PADUCAH — Gov. Andy Beshear on Friday shared his reaction to the special session that ended Thursday night with veto overrides that nullified the statewide school mask mandate.
Kentucky school districts now have the responsibility to decide whether masks will be required in their classrooms. That has local school districts changing their plans — again. Republican lawmakers voted to do away with the statewide school mask mandate. That isn't the only change for schools that came from the special session.
School districts can now offer a "test to stay" option for their students and staff. The measure lawmakers passed also gives schools 20 remote learning days.
The consensus is most districts are in the process of planning what this will look like for them. Marshall, McCracken and Hickman counties said it doesn't change much, other than figuring out the test to stay options for each district.
They said they had plans before a mask mandate, and some plan to continue with those. While they're deciding the next steps, Beshear did offer advice for school districts.
"Either our school systems follow the science and do universal masking, or they endanger our children," said Beshear.
School leaders say it's too early to make a definitive decision. Beshear hopes districts take the decision over mask requirements seriously.
"They gotta' do the right thing, because if you don't have universal masking in the system, your kids won't be in school because COVID will spread too much," said Beshear. "It's happened in every school system that's tried to get by without it. And then you're gonna' have to live with the consequences."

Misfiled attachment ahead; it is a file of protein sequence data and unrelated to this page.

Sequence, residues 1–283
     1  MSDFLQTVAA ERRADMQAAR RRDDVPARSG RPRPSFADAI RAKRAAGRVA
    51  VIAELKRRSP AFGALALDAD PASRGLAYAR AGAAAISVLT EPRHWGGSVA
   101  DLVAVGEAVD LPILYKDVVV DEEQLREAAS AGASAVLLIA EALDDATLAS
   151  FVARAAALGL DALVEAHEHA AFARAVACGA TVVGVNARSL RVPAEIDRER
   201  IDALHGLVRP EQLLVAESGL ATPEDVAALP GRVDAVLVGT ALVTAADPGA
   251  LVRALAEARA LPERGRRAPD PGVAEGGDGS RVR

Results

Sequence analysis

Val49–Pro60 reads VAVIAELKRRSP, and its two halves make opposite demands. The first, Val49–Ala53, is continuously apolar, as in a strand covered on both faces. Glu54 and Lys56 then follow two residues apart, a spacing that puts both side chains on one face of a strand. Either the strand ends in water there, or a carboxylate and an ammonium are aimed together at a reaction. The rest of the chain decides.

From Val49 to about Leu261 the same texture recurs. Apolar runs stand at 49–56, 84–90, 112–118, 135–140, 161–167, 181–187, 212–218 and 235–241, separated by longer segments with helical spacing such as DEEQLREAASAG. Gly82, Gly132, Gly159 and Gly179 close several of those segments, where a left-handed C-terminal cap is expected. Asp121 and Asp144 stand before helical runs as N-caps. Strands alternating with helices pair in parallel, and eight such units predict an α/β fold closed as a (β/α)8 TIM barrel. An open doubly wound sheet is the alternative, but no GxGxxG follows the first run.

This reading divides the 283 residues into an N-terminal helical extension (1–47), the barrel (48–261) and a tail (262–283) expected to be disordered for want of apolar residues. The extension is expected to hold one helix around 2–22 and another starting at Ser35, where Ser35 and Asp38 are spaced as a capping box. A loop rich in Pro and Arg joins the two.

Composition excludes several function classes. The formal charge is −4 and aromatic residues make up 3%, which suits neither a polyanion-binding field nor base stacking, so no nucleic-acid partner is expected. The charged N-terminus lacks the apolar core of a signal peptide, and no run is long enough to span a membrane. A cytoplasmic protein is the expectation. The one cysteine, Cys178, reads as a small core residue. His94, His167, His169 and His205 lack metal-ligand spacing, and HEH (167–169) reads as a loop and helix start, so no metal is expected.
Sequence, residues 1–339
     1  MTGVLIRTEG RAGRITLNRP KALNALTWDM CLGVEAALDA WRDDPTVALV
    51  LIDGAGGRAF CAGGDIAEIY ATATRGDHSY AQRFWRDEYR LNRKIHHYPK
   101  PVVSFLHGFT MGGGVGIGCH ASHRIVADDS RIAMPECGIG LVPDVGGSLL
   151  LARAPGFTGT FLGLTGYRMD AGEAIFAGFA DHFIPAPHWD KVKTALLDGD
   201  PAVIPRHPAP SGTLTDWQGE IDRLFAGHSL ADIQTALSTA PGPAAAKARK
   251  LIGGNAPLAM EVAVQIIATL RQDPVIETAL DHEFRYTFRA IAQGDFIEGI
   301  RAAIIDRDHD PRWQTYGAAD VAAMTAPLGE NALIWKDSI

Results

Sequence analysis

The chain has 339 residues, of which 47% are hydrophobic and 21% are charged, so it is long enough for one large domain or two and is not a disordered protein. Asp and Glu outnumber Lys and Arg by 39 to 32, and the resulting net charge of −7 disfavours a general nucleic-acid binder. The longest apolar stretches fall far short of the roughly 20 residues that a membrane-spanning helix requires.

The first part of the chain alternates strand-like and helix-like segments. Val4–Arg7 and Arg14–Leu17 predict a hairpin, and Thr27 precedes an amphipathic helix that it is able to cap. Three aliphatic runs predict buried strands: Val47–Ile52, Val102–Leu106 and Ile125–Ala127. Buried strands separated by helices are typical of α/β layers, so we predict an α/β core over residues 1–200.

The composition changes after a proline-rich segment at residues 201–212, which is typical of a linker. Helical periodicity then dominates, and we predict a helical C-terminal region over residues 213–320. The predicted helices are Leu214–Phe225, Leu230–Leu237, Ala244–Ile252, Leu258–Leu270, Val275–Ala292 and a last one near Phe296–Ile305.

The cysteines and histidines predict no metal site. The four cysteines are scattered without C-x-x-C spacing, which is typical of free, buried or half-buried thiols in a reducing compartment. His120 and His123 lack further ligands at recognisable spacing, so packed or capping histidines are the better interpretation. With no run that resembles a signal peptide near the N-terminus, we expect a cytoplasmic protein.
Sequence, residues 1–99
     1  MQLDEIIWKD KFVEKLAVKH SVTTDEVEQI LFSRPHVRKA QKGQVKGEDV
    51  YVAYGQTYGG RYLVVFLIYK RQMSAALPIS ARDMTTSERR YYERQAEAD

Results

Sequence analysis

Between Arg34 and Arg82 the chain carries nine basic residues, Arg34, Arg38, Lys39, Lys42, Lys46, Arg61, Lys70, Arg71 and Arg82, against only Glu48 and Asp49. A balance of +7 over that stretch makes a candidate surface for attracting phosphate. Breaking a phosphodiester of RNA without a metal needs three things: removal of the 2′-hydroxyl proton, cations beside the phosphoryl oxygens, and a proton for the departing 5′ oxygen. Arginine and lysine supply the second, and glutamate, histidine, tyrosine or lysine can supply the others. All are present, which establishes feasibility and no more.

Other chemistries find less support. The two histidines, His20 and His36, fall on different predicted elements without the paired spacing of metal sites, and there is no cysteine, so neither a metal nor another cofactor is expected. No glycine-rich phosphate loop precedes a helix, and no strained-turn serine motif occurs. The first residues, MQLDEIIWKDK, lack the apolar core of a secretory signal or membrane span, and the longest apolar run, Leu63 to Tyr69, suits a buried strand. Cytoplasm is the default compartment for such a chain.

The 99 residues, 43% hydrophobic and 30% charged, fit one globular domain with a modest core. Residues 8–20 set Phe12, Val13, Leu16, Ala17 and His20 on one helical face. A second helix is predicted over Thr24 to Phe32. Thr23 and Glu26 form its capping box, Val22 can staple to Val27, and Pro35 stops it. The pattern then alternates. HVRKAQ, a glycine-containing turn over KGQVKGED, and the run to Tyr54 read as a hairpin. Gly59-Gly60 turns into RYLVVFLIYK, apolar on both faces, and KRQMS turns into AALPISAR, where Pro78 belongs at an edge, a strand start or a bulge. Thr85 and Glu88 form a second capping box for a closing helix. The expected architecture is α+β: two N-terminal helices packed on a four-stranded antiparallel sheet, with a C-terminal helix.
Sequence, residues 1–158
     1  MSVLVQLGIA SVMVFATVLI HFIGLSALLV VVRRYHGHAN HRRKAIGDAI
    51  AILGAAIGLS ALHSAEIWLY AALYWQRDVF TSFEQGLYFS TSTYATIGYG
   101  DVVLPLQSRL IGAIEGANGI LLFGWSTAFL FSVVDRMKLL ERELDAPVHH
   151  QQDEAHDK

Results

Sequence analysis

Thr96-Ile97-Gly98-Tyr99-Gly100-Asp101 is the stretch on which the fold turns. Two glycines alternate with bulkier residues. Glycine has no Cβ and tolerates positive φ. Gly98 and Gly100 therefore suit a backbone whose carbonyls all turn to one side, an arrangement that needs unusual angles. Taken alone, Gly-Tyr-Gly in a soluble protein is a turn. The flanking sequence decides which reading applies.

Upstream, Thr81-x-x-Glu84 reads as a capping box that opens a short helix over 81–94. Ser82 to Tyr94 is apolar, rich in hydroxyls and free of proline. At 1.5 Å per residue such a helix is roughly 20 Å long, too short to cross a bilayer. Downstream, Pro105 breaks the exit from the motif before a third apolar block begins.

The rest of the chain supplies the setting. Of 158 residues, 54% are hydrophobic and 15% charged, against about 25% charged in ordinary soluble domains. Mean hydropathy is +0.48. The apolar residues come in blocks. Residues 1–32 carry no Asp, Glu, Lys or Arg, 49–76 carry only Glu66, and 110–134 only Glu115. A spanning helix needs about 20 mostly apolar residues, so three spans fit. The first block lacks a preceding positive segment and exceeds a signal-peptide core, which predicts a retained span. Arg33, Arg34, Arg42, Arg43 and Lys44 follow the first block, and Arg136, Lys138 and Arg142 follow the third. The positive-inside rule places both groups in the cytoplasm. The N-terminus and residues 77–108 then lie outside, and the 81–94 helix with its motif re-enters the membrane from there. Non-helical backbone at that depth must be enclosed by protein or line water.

While Beshear doesn't agree with ending the mask mandate, he says the 20 remote learned days offer schools flexibility. However, he believes it contradicts local control.
"On public health, which none of our school boards or our superintendents are trained on, they said we trust you. So it's a major contradiction. I think that they probably should've gotten more flexibility, but this was certainly more than the current law allowed. It's gonna give people a better opportunity," said Beshear.
Local school leaders I spoke with said they won't be ready to announce their plans moving forward until next week.